Report: Commanders Players Frustrated with Scott Turner's Predictable Play-Calling

Paul KasabianFeatured Columnist IIJanuary 7, 2023

Washington Commanders offensive coordinator Scott Turner arrives for practice at the team's NFL football training facility, Tuesday, Aug. 16, 2022, in Ashburn, Va. (AP Photo/Alex Brandon)
AP Photo/Alex Brandon

Washington Commanders players appear dissatisfied with offensive coordinator Scott Turner's play-calling amid the team's four-game winless streak, which has knocked them out of playoff contention.

Sam Fortier of the Washington Post spoke with a host of players who aren't happy as the once-promising season hit its low point last Sunday with a 24-10 home loss to the Cleveland Browns.

"Nine other Commanders, who spoke on the condition of anonymity to be candid about a coach, expressed frustration with the play-calling. They complained about predictability, an abandonment of the game plan against Cleveland and Turner's tendency to deviate from plays that are working, which several players described as the coordinator "outsmarting" himself. They suggested Browns defenders had anticipated their plays in the loss that effectively ended the Commanders' season."

An unnamed veteran, when asked why the team lacked a spark during the Commanders' most recent defeat, responded by saying: "Ask the play-caller."

Tight end Logan Thomas recently told reporters the team should be scoring more points with the amount of talent on board.

"The way I put it is: We got so much talent, we should be scoring more points than we have [been]."

One notable example occurred in the Washington Commanders' 20-12 home loss to the New York Giants on Dec. 18, a pivotal matchup against a fellow NFC East team fighting for a playoff spot.

Commanders rookie running back Brian Robinson Jr. amassed 89 yards on 12 carries in the game. It seemed as though Washington could have kept feeding Robinson the rock with more success against what is now the second-worst run defense in football.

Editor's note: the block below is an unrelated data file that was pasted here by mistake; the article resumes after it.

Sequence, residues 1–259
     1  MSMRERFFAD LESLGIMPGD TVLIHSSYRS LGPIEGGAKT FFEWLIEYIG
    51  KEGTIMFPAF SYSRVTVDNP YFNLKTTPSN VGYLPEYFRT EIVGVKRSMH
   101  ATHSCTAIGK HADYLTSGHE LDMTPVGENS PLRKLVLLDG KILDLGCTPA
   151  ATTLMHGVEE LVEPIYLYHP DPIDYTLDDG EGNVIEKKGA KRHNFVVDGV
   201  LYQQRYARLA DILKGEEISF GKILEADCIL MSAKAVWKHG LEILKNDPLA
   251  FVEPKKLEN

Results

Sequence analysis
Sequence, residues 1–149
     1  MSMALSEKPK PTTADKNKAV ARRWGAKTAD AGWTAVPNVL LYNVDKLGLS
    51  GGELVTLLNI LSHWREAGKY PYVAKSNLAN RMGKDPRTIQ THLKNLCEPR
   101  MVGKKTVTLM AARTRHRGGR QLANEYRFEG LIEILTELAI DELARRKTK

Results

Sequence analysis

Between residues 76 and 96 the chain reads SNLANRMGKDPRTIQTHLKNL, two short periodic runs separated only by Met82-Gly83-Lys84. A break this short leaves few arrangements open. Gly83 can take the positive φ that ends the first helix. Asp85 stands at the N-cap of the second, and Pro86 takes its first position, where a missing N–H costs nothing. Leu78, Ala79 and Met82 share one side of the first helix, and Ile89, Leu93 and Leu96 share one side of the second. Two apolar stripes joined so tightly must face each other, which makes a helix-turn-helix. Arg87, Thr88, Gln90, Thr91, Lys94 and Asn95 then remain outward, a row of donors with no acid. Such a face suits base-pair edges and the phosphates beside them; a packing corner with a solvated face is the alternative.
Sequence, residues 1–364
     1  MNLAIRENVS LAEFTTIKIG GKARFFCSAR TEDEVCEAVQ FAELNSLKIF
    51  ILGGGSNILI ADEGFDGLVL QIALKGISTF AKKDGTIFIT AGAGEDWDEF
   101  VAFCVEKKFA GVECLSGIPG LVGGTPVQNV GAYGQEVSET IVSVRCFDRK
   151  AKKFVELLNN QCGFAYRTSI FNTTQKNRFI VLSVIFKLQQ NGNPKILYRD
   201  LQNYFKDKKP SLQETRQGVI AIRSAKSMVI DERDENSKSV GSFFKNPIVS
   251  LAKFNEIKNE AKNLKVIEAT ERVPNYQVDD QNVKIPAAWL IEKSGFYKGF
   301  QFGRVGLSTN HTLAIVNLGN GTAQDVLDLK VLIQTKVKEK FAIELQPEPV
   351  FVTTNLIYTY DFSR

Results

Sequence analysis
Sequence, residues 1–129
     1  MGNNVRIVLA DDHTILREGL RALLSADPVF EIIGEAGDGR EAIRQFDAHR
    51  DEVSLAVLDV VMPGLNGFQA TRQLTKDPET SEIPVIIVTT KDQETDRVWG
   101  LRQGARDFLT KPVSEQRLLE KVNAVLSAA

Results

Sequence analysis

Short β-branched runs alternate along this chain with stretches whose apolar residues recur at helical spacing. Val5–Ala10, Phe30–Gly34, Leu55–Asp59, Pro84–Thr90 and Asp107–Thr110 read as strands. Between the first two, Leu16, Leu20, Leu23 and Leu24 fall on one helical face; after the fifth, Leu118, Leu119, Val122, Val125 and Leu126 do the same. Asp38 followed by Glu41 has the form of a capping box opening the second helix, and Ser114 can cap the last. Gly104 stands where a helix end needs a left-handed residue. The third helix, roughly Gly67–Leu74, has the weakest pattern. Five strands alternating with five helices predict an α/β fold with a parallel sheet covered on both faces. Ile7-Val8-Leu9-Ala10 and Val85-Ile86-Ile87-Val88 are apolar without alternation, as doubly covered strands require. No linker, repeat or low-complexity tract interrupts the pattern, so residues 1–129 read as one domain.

That didn't happen, and Robinson told reporters later in the week: "I just got to play; I can't coach. Even when I do get frustrated about play-calling, that's not my job, so, regardless of how I feel during the game over certain plays, I just got to be where my feet are."

Players also put some of the blame on Turner for the Browns loss.

"Several players argued that Turner had abandoned the game plan, which the team had practiced all week, in favor of drop-back passing and running concepts that at times became predictable. One example was that in two- and three-tight end sets, Washington ran the ball 21 of 26 times (81 percent), and the Browns, one of the league's worst run defenses, caught on."

Football Outsiders ranks the offense 28th in DVOA (defense-adjusted value over average). The team is also 25th in scoring and posted more than 23 points just once since the first two weeks of the year.

The blame doesn't fall on Turner alone.

The offensive line simply hasn't fared well pass-blocking and ranks 10th-worst in the league in adjusted sack rate, per Football Outsiders.

Quarterback play has been hit-or-miss, with the high of a 5-1 stretch under Taylor Heinecke and the low of Wentz's three interceptions against the Browns. The team has averaged just 192.9 passing yards per game since Week 3.

Still, the team has plenty of offensive talent with the two-headed running back tandem of Robinson and Antonio Gibson, a bona fide No. 1 wideout in Terry McLaurin and a couple other dynamic pass-catchers in Jahan Dotson and Curtis Samuel.

However, the offense simply didn't come through when it needed to the most, and now rookie quarterback Sam Howell will get a shot to show what he can do to close the regular season on Sunday against the Cowboys.